The Green Knight

The Green Knight ★★½

Wearing a surprising amount of green clothes and drinking a green smoothie (all unintentional) I dove into The Green Knight on a whim. Usually the color of clothing would be something irrelevant in my experience with a film. I only mention it here because the picture’s biggest issue is that it is devoid of color. This is one of the most dim and grim movies ever made with respect to its presentation. Even when the camera frames Gawain in front of a massive landscape it looks off. What happened to the grading here? The lighting? Even some of the lensing is atrocious. 

To digress from some of the technical issues, it’s important to bring attention to the narrative itself. There is no rhythm in the story telling at all. Long, arduous sequences filled with dialogue often follow even longer, more arduous sequences without any. Sometimes this can work. It doesn’t work here because of how ugly the film is and because the camera tries too hard to execute techniques instead of capturing any inspiration, almost like listening to a musician play a scale note for note. The camera even flips upside down at one point. Whose perspective are you showing me here?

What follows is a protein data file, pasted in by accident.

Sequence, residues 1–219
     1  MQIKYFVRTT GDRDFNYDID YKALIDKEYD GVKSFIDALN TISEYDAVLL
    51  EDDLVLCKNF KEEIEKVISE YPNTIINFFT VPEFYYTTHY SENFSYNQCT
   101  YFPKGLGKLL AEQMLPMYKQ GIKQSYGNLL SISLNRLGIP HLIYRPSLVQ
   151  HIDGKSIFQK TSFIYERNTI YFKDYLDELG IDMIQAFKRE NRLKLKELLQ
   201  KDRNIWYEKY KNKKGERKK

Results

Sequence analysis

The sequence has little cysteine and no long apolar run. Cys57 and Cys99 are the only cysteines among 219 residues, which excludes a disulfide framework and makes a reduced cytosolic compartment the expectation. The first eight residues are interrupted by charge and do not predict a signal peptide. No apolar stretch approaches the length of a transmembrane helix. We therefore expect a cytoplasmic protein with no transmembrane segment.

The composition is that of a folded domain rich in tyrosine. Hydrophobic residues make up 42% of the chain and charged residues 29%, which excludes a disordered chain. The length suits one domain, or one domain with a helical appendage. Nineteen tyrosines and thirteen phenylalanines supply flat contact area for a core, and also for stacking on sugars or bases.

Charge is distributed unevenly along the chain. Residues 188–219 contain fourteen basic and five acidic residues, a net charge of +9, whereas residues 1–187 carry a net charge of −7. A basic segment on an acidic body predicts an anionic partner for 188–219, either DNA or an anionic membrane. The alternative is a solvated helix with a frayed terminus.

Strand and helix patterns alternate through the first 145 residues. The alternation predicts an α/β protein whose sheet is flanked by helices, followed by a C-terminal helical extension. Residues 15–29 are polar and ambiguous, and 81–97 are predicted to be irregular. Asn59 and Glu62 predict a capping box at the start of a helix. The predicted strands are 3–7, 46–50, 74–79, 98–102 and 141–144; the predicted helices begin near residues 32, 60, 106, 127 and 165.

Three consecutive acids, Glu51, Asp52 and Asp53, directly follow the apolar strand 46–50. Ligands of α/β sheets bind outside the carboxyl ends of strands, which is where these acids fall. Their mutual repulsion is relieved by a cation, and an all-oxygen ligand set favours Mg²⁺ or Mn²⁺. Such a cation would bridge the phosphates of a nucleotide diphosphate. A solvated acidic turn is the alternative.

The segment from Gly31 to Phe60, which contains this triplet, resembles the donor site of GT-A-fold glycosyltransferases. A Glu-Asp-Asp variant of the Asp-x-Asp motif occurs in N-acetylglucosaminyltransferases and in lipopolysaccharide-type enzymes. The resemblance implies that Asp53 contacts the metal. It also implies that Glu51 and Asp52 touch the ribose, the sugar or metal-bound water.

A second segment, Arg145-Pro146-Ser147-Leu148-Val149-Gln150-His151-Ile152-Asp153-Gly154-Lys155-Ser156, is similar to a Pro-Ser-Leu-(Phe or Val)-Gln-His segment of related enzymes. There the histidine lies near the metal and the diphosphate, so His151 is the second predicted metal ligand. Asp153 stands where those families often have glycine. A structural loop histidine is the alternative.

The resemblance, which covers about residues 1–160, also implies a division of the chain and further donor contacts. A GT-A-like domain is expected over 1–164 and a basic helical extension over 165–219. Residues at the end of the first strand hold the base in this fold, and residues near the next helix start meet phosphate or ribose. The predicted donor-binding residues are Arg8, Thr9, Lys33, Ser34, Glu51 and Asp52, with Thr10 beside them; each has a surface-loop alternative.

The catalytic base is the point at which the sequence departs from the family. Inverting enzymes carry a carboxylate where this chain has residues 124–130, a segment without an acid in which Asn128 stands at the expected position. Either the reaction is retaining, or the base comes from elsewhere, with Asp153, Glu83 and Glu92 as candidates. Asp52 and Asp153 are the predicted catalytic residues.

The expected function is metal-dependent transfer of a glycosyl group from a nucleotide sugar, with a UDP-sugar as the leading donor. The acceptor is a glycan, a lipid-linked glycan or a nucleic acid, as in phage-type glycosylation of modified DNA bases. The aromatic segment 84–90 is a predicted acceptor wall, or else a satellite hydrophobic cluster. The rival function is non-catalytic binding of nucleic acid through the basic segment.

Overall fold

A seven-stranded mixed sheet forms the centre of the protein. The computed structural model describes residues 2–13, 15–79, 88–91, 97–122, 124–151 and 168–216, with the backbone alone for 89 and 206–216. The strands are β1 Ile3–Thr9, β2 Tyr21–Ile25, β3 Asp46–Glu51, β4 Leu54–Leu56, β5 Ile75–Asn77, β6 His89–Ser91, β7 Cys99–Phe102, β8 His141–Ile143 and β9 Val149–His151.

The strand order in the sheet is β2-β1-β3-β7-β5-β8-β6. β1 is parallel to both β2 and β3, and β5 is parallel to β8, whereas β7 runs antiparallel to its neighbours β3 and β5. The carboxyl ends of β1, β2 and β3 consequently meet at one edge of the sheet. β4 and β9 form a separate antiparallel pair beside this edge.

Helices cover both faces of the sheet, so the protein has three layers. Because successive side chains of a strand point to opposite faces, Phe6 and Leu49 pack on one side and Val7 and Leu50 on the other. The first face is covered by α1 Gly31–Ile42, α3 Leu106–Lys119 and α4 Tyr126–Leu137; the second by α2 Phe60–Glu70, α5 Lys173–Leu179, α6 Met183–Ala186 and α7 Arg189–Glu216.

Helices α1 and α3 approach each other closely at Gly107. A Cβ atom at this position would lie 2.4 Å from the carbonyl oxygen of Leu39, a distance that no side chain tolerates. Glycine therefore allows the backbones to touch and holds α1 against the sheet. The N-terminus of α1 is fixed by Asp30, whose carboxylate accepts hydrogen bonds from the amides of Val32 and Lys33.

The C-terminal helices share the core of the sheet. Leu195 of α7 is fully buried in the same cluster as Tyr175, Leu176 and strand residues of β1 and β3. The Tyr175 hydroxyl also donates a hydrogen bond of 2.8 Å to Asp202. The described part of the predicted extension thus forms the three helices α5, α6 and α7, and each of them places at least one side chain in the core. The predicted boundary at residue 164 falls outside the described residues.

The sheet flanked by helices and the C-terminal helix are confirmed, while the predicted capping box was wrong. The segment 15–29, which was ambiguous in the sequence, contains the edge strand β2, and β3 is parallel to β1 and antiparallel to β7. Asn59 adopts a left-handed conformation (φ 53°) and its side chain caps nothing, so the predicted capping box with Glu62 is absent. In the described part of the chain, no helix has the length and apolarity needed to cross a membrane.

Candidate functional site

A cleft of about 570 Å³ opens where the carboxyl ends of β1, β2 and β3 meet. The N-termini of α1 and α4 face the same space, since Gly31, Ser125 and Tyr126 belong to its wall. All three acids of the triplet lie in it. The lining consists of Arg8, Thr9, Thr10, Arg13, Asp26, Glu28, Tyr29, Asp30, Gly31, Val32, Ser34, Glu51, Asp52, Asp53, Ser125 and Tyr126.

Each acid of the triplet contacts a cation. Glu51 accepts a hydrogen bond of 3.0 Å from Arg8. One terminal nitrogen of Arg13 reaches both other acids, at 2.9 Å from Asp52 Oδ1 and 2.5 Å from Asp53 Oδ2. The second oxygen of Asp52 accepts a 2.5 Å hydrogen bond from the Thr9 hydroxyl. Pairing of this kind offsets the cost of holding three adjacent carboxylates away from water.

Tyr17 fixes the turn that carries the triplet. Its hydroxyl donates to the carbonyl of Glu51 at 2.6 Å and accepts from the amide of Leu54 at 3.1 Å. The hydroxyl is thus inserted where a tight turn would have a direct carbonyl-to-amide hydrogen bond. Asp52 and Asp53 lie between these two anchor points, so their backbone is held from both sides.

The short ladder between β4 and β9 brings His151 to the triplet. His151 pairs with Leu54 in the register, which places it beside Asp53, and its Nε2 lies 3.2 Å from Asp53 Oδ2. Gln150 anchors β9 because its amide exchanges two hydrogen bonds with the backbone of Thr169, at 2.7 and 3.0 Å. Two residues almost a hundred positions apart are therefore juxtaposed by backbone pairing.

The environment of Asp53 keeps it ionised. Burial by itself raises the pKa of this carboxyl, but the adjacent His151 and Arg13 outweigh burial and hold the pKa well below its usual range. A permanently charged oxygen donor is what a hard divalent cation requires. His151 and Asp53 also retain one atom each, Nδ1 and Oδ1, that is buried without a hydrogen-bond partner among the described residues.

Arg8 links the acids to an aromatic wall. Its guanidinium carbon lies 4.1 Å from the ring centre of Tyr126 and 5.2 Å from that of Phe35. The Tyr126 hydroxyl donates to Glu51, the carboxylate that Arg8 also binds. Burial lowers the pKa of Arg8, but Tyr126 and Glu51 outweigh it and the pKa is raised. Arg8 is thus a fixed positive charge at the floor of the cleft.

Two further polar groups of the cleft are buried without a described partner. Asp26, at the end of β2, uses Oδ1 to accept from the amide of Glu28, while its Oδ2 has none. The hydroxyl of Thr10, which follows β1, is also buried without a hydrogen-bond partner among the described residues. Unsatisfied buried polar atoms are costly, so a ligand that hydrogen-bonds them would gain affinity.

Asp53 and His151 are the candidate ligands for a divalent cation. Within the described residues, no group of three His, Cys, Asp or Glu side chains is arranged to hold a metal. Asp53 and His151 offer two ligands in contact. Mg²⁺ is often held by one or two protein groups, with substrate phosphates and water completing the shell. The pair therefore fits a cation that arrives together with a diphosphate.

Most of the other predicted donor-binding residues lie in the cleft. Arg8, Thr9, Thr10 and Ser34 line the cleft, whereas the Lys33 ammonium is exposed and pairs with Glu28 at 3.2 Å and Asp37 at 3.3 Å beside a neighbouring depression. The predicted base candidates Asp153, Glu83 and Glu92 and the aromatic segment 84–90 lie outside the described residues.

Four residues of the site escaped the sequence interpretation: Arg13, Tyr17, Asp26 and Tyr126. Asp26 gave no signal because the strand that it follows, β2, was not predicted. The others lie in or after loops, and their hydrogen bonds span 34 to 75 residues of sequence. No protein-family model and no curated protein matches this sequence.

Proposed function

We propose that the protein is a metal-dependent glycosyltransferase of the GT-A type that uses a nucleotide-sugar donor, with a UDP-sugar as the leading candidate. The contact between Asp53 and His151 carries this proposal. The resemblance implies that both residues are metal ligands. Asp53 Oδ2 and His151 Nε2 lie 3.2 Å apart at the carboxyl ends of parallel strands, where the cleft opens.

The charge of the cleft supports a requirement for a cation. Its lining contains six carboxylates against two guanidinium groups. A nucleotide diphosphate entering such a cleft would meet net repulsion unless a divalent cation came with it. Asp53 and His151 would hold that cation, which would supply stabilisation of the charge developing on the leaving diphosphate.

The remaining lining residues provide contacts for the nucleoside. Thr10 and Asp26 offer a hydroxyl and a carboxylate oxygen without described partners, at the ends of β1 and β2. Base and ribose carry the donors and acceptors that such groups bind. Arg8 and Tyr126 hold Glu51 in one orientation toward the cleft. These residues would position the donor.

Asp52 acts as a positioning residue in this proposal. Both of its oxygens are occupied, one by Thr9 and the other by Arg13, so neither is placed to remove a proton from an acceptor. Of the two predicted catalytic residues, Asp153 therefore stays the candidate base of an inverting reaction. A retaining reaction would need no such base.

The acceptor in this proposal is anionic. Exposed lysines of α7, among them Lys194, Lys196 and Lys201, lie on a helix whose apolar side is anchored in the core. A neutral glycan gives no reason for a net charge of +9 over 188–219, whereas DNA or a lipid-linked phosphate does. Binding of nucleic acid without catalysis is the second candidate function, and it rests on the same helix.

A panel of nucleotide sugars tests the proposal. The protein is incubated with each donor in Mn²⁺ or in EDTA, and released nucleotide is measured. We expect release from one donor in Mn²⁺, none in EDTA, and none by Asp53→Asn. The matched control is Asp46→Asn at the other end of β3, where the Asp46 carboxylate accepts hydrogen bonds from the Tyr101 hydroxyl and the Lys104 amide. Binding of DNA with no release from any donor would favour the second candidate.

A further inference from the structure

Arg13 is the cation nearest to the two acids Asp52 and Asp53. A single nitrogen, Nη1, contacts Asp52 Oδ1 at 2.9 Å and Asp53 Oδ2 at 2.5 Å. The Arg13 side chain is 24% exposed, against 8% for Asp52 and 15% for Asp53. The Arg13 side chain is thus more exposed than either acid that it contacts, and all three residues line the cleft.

All of the characters are stripped of any personality. They all play their roles with the utmost seriousness leaving behind a clinical and sterile result. Patel is a good leading man but he is given nothing to do. His character never makes any attempt to connect to the audience or the story for that matter. He is a vessel for the story to be told through rather than being a part of it. We only follow him because we have to. There are no interesting side characters or any conflict that creates sympathy for Gawain. 

Overall, The Green Knight insists on itself way too much. It feels like a music video by a late 2000s Djent Metal band. It’s darkness permeates the film in both sight and tone leaving behind little to nothing for the viewer to grasp a hold of.

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